In the early reaction to the disaster commentators including the Prime Minister have suggested that this earthquake might be New Zealand's worst disaster, with the John Key quoted as saying 'This may be New Zealand's darkest day'. The scale of the Christchurch disaster is unquestionably huge for a country as small as New Zealand, and the effects on those at the scene or waiting for news of friends and loved ones will be powerful and lasting. But that doesn't mean this event, serious though it is, is the lowest ebb of the national psyche, or the worst disaster to befall the country.
Ever since the founding of the nation, part of the New Zealand national identity has been forged in the trials posed by disasters, both natural and man-made. In the 21st century we often forget that as a young, growing country, New Zealand was a considerably more dangerous place to live in that it is today, with our modern health system and advanced disaster response techniques offering much greater protection than our ancestors enjoyed. As our population has grown New Zealand has become a safer place, and with the shift in mass transport from ships to aircraft the frequency of major disasters seems to have decreased. The comprehensive list at NZ History Online shows a multitude of major and minor disasters, with several taking more than 100 lives:
- 1863: HMS Orpheus shipwreck, Manukau Heads, 189 dead
- 1874: Cospatrick shipwreck, Cape of Good Hope (en route to NZ), 470 dead
- 1881: Tararua shipwreck, Southland, 131 dead
- 1886: Tarawera eruption, near Rotorua, c.120 dead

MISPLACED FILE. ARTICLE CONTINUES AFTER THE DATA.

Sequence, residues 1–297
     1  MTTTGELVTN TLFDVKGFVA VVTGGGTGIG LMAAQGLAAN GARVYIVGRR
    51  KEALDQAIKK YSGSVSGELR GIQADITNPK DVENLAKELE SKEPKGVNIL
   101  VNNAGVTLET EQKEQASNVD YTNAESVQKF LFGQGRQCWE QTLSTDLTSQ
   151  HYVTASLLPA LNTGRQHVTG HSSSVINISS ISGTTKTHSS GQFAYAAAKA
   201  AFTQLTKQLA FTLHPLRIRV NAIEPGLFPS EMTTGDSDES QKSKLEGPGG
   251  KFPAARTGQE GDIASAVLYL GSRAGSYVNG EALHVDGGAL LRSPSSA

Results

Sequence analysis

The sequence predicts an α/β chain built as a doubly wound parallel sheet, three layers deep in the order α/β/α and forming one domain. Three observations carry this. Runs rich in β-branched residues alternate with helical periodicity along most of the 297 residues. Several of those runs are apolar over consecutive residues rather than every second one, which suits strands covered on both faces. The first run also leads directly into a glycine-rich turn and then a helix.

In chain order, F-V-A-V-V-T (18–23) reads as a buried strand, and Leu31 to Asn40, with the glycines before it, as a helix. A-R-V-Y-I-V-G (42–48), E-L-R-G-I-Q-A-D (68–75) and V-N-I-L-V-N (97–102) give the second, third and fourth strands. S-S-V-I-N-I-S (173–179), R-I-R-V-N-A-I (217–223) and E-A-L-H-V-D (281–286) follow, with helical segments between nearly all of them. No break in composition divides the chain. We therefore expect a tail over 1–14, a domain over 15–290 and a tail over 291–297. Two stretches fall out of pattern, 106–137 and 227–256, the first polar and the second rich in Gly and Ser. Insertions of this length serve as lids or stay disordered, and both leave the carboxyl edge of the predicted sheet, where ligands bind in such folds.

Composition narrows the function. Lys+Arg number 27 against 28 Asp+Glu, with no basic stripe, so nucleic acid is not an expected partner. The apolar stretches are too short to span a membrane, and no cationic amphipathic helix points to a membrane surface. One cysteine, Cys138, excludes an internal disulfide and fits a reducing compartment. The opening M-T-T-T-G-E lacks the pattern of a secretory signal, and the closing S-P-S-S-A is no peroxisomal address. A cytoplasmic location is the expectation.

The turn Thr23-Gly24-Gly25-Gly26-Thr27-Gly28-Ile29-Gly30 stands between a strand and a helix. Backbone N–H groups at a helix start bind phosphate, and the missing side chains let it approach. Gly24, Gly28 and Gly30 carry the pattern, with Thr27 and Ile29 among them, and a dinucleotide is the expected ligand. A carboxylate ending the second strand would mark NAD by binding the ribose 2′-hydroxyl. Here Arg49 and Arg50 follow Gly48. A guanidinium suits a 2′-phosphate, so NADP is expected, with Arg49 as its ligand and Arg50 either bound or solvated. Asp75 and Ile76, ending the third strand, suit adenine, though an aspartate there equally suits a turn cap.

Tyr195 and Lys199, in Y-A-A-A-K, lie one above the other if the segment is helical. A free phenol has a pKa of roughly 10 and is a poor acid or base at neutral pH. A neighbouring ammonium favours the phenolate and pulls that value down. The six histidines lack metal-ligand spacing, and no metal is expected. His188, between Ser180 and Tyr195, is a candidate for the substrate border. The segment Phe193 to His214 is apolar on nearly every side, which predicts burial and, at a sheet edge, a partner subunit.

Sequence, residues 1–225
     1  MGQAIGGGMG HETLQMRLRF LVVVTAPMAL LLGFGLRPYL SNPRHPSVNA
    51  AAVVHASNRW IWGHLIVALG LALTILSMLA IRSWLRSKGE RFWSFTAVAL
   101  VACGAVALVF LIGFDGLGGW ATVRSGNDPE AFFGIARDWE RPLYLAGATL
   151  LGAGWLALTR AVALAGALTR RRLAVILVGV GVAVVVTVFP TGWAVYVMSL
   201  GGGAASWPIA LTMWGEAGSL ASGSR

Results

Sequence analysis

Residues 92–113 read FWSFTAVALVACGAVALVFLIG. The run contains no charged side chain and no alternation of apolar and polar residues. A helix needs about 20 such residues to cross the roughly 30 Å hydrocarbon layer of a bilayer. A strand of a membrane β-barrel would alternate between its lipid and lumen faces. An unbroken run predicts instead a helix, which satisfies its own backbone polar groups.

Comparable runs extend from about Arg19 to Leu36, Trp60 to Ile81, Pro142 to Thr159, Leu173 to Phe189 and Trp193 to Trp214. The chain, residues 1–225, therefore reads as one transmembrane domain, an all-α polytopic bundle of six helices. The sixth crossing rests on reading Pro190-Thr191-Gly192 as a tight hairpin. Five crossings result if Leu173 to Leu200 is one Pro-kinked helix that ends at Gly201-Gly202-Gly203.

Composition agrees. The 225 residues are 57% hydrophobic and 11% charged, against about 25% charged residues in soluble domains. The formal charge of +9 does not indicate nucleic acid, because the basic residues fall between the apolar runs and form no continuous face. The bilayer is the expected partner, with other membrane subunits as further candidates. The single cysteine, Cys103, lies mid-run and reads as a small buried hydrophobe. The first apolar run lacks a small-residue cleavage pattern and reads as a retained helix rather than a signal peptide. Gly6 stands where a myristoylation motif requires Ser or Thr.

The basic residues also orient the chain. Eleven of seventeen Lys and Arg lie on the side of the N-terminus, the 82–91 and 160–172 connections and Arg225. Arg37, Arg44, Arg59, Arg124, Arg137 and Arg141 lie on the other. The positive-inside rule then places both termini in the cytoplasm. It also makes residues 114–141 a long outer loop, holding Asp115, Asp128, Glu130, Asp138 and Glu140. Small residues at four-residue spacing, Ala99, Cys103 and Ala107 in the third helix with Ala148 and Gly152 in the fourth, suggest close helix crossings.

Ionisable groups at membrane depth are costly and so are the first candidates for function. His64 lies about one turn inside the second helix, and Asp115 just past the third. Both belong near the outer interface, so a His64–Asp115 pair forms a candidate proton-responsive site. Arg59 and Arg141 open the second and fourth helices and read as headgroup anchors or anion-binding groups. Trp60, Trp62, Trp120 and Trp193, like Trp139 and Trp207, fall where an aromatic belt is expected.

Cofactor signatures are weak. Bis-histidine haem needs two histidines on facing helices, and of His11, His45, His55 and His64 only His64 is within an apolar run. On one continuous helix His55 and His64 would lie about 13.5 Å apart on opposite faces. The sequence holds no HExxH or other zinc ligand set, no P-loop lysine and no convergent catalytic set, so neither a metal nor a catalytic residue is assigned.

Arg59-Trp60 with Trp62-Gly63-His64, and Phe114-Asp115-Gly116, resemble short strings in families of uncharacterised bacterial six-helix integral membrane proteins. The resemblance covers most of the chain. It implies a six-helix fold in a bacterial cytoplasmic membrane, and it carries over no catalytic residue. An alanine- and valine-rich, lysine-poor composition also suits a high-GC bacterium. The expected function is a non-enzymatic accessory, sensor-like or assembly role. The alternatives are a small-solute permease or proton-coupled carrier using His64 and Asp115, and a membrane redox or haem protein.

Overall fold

- 1894: Wairarapa shipwreck, Great Barrier Island, 121 dead
- 1931: Hawke's Bay earthquake, 256 dead
- 1953: Tangiwai rail disaster, Mt Ruapehu, 151 dead
- 1979: Mt Erebus air crash, Antarctica, 257 dead
The scale of these disasters is even more serious when you consider that for much of the period covered by the list, New Zealand's population was tiny. For example, in 1874, the year of the Cospatrick disaster, the national population was only 345,000, and by 1886, the year of the Tarawera eruption, that figure had only risen to 620,000.
Also, without wishing to diminish the significance of the terrible events in Christchurch, I think another day holds a much stronger claim to be 'New Zealand's darkest', and not just because one of my relatives died in that event. On 12 October 1917, the first day of the doomed and ultimately futile Passchendaele Offensive on the Western Front in Belgium, New Zealand troops suffered a colossal 2700 casualties in a single day, of which approximately 845 were killed. Given that New Zealand's population during World War I was only 1.1 million, a mere quarter of today's population, the dreadful impact of that bleak day is hard to imagine. But it would take the deaths of over three thousand people to achieve a similar impact on today's New Zealand. Of course we must fervently hope that nothing of the sort ever happens, because any major loss of life is a desperate waste that affects so many lives beyond those who are direct casualties.
Perhaps if we take another look at our brief and sometimes troubled history we might gain solace from the fact that disasters like these are a part of every nation's history, and that with luck and dedication we might stand a better chance of mitigating future disasters.